By 2007 a lesson had already been partially been learned – with the accession of Romania and Bulgaria (total population about 29 million), transition arrangements were put in place in the UK in the same way as across the rest of the EU. The likely impact will hence be limited when these restrictions end next year (see The Guardian, and Commission analysis of this), and Romanians and Bulgarians will be able to move anywhere in the other 25 Member States, not just 3 countries. 2004 it is not.

Looking further into the future, what enlargement is there in the pipeline? Croatia (pop. 4.2 million), Iceland (pop. 320000), Macedonia (pop. 2.0 million) – nothing close to the scale of 2004. Yes, there is the theoretical issue of Turkey, but with Erdogan leading Turkey further away from the EU (calling for the death penalty!) this is so far away as surely to not constitute a worry for the moment.

So instead Douglas Alexander, rather than banging on about this issue, could essentially close the issue down and stop talking about this stuff: the lessons have been learnt. The EU will not enlarge in a big bang enlargement again. Migration restrictions will not be lifted together with only 2 other countries again. The enlargements on the horizon are countries so small that the impact will not be noticeable in the UK.

Why then, does he keep banging on about this issue, and Ed Miliband has also mentioned it. Time for that approach to stop.

No-one’s going to believe Labour is “hard-headed” about the EU, and it’s wrong anyway

So Labour has another stab at getting together some sort of EU policy. Ed Miliband is interviewed in The Sunday Telegraph and the only thing that seems to emerge is that Labour needs a “hard-headed” approach to the European Union, courtesy of further spinning from Douglas Alexander on the Andrew Marr show. This is presumably the latest attempt, after Douglas Alexander’s damp squib last autumn.

This prompts two questions: is the idea that Labour can be hard-headed on this actually realistic? And is it right?

On the first point the editorial in The Sunday Telegraph basically nails it – saying Ed’s rhetoric “fails to convince”. Precisely. If you want a tough line towards the European Union then Labour is not where you should go.

Then secondly, is the line articulated by Ed Miliband actually right? First of all in framing terms it makes me annoyed, and thinking of the Pachycephalosaurus dinosaur (pictured, with its hard head). Hard headed implies tough, harsh, nasty. Would Labour dare say it has a “hard-headed” approach to schools or hospitals? No it would not, because being seen to be harsh on such issues is at odds with the values of the party, the values that we are all better off if we work together to achieve collective goals.

Labour’s rhetoric should be that to achieve what we need to achieve in the UK, we also need the European Union. An unrestrained free market, with Britain outside the EU, would mean less social protection, more of a race to the bottom on tax, harsher conditions for workers. The social systems of countries across the European Union should be an inspiration for the UK. Labour has made noises saying the German social model is to be admired; the means to achieve it is at EU level.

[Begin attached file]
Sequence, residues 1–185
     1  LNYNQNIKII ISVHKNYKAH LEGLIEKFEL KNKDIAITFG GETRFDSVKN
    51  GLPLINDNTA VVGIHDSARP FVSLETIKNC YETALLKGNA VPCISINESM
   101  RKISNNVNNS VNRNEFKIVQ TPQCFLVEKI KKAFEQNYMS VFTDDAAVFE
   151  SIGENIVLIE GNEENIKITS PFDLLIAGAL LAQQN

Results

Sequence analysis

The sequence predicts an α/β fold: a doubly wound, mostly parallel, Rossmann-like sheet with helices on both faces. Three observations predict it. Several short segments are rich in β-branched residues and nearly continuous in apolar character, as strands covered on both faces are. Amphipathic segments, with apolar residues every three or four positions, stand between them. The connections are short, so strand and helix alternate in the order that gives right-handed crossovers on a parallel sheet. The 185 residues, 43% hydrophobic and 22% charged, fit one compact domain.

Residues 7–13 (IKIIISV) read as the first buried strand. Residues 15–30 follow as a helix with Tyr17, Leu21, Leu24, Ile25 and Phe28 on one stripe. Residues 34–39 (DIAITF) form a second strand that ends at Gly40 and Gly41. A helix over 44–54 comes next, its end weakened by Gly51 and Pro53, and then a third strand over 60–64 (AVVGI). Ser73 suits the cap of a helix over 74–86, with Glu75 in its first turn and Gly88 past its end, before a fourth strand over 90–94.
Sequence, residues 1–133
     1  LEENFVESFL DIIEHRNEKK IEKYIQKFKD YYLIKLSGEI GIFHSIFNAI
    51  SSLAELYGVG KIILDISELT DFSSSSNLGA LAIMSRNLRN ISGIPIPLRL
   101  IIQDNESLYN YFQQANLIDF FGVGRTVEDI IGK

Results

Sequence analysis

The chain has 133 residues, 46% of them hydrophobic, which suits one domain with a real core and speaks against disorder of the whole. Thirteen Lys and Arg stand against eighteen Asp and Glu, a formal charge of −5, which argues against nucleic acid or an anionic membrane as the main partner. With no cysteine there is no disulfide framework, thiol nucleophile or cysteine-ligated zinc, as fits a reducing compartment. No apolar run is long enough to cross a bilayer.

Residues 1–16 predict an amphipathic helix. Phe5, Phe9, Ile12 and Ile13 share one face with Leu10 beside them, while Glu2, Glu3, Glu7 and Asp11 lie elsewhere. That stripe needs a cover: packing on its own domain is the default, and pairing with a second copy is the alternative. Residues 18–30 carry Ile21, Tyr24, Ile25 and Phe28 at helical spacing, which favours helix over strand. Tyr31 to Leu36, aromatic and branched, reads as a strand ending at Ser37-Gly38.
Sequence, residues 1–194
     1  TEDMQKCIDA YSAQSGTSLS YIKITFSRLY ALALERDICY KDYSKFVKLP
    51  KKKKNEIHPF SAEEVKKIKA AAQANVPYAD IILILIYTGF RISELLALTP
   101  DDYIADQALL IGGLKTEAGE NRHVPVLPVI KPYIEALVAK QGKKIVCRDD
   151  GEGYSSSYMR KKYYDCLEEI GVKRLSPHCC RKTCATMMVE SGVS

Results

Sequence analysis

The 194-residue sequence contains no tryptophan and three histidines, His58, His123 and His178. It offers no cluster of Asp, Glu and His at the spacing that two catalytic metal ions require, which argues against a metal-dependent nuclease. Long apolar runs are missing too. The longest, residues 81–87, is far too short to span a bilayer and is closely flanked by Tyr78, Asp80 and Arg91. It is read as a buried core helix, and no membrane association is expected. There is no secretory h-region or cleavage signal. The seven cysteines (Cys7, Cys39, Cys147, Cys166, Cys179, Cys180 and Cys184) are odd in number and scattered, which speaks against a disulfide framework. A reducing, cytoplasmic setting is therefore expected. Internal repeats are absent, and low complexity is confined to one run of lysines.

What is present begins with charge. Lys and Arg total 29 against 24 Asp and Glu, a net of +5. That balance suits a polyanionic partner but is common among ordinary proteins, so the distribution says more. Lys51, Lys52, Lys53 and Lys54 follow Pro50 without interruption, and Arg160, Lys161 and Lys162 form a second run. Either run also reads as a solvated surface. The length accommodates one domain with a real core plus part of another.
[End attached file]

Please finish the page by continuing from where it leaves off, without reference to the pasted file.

Finally, on two specific, Ed Miliband is wrong.

Taking a pop at the EU’s agriculture budget is an easy one, but Labour’s record trying to do something about it while in government is woeful. Less CAP money means less money to UK farmers too. Are Ed Miliband and Douglas Alexander willing to face down the farmers? I suspect not. Plus the EU budget, at 1% of GDP, is not exactly massive anyway, and the 40% to agriculture looks so odd because the stuff that dominates national budgets – education, health, social security, defence – is not done at EU level.

Secondly, Ed Miliband once again revisits the issue of migration from central and eastern Europe. Here too there is a lot of hollow rhetoric. Remember the 10 countries joining the EU in 2004 had a population totalling 75 million, and only the UK, Ireland and Sweden allowed free movement of workers immediately. Cue major migration. 2014 will be different for Romania and Bulgaria. For a start the population of these countries totals about 30 million, and all 25 EU Member States will lift movement restrictions at the same time, and the UK is not exactly awash with jobs in the way it was in 2004. Worries about Croatia and Turkey are even more laughable – Croatia has 4.5 million people, and Turkey is years and years off, especially as Erdogan is ruminating about the death penalty.

So, in short, what did Ed Miliband and Douglas Alexander achieve today? Very, very little I would say.

Labour might win, but British politics will not

At one level all looks fine for Labour and Ed Miliband as the party kicks off conference in Manchester this week. The party is 10 points ahead in the polls, is facing an unpopular and weak government. Roll on 2015.

But I am not so sure, and I am not the only one. See Neal Lawson’s polemic for The New Statesman for example. The problem is that while Labour’s current position may make everyday tactical sense, I am far from sure if it is actually good politics – in the wider sense of the word.

If the party is defined by anything it is by what it is not, not by what it is. It would protect workers (but cannot articulate how). It would protect the NHS (but it has no plan of how to do so, except repeal what the Tories are doing). It would end austerity (but it cannot say how it would, or where the cash to do so would come from).